“I’ve missed more than 9000 shots in my career. I’ve lost almost 300 games. Twenty-six times, I’ve been trusted to take the game-winning shot and missed. I’ve failed over and over and over again in my life. And that is why I succeed.”
Michael didn’t create failure. The first person we meet in the Bible, Adam, totally blows his opportunity to reflect God’s glory. Virtually every story in the Sacred Book is about human failure. If you want to read about superheroes, you’ll have to go to Marvel Comics.
Both the Apostle Peter and the Apostle Paul, two giants in the early church, failed dramatically. Of course, they ultimately became such great figures that it may be hard for us to identify with them. There’s a less noteworthy figure in the New Testament whose life journey gives me comfort. His name is John Mark.
John Mark was a young man in one of the first families to become part of the church, within a short time of Jesus’ ascension into heaven. During a time of persecution, Peter was thrown into prison, and when he was miraculously released, he went where he knew the believers would gravitate:
He went to the house of Mary, the mother of John whose other name was Mark, where many had gathered and were praying (Acts 12:12).
The young man’s cousin Barnabas was also part of the group, and when he joined Paul on his first missionary journey, he took John Mark along as an assistant (Acts 12:25, 13:1-5). He seemed to be promising and enthusiastic about helping to spread the gospel.
But something went wrong. Whether the rigors of the journey were too hard or there was some conflict between the people involved, John Mark left them and went back home:
Then Paul and his companions set sail from Paphos and came to Perga in Pamphylia. John, however, left them and returned to Jerusalem (Acts 13:13).
Paul considered Timothy a failure, and he made this clear to Barnabas when they were about to begin their second missionary journey:
Barnabas wanted to take with them John called Mark. But Paul decided not to take with them one who had deserted them in Pamphylia and had not accompanied them in the work.The disagreement became so sharp that they parted company; Barnabas took Mark with him and sailed away to Cyprus.But Paul chose Silas and set out … through Syria and Cilicia, strengthening the churches (Acts 15:37-41).
John Mark probably thought of himself as a failure as well, but the fact that Barnabas still believed in him was probably the beginning of his life after failure.
We’re not given the details, but over the next few years, John Mark was able to win back Paul’s confidence. In a letter written from prison, Paul mentions John Mark as one of the few people who visited him regularly and “comforted” him (Colossians 4:10-11). In two other letters he wrote from prison, Paul refers to John Mark as “useful in my ministry” (2 Timothy 4:11) and “my fellow worker” (Philemon 1:24). The problematic young man whose failure to rise to the missionary challenge caused a division between Paul and Barnabas had grown to be a strong support to Paul during a very hard time.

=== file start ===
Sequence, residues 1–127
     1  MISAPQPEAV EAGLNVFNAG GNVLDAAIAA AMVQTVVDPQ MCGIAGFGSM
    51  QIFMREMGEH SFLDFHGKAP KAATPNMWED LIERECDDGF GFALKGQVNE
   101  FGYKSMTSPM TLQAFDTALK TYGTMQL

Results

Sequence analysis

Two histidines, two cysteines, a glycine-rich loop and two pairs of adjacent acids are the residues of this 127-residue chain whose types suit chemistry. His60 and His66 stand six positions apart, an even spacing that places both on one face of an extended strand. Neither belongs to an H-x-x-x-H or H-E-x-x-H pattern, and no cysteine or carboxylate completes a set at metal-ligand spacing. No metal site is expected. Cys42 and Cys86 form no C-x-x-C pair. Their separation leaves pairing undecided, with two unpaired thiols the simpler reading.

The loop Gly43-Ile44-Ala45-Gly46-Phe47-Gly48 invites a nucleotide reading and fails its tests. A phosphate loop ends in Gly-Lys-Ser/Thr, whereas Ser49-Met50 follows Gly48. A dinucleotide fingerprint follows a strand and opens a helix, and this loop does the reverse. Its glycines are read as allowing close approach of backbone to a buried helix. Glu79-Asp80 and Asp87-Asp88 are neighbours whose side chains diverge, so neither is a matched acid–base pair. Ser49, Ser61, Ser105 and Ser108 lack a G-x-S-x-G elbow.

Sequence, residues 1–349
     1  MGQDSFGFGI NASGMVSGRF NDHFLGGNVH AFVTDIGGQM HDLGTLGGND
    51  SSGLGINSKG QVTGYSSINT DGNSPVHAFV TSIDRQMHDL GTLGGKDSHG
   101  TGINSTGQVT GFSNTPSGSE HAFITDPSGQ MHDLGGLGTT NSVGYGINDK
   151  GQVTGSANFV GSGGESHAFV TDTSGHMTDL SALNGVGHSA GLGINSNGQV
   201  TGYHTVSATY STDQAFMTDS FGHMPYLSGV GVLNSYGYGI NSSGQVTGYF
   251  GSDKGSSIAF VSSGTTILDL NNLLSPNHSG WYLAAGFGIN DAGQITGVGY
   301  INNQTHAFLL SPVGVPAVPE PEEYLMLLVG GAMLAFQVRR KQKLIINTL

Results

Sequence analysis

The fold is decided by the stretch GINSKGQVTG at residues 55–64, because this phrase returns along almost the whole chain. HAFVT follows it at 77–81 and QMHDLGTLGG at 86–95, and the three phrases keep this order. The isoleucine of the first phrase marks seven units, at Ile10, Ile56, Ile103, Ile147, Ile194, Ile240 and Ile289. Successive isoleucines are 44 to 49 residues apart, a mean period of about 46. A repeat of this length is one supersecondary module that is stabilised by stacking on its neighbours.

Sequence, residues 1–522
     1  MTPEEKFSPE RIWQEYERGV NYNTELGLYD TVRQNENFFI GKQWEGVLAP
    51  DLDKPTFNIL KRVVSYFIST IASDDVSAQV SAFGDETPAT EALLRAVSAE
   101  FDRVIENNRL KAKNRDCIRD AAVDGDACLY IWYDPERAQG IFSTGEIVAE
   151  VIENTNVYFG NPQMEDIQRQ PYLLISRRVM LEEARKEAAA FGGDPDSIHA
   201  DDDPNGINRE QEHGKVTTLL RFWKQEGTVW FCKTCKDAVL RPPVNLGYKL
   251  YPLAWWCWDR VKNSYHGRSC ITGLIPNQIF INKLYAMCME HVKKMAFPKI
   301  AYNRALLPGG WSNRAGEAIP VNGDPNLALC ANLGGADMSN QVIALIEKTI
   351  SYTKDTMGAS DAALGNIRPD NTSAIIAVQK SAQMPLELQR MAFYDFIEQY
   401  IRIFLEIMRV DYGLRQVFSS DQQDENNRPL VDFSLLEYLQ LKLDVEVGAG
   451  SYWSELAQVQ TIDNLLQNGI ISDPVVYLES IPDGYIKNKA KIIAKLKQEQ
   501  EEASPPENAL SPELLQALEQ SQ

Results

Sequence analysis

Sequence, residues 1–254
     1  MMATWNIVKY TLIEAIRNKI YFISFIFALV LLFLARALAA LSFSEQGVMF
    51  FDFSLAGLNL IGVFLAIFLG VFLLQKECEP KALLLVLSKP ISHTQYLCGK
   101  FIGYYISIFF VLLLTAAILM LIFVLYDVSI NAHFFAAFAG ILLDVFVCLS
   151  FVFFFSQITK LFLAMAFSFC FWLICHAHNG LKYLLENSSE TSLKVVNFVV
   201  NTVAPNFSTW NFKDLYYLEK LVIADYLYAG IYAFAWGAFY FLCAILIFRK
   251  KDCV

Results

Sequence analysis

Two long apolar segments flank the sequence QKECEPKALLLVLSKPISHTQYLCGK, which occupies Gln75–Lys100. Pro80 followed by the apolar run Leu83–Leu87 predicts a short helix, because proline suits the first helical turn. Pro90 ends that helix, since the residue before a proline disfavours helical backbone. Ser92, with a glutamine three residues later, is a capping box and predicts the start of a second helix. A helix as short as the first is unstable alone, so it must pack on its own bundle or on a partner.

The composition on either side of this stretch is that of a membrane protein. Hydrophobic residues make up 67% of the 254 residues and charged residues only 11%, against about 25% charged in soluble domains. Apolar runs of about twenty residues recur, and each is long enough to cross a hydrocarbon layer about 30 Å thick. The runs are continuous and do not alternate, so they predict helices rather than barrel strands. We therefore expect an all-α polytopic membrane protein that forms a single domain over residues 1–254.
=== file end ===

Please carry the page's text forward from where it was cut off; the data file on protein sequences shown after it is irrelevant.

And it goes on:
But this was not the height of John Mark’s success. He was to blossom in a new and unexpected way. According to strong church tradition, John Mark became the author of the second gospel in our New Testament, what we call “The Gospel According to Mark.” It seems that in the two years after his time spent with Paul during his imprisonment, John Mark became very close to the Apostle Peter, serving as his secretary and scribe. In his First Epistle, Peter refers to him as “my son Mark” (1 Peter 5:13). This close contact allowed him to pick Peter’s brain, to hear first-hand about the ministry and teaching of Jesus, to sense the excitement Peter felt as he shared his memories of his close encounters with the Son of God. Out of Mark’s notes, he shaped the first written account of the Christ Event that we are aware of. Those who have carefully studied the wording of the different gospels believe that both Matthew and Luke used Mark’s earlier gospel as a resource when they were writing their own accounts.
So, we should probably be glad that John Mark failed at his first attempt at spreading the Christian message; he probably wasn’t cut out for preaching and teaching, as Paul, Barnabas and Peter were. If he hadn’t failed at that, he may have never discovered his real gift – writing vividly and accurately the earliest account of the greatest event in human history.
Life after failure. Maybe we should see our failures as opportunities for the emergence of our true calling.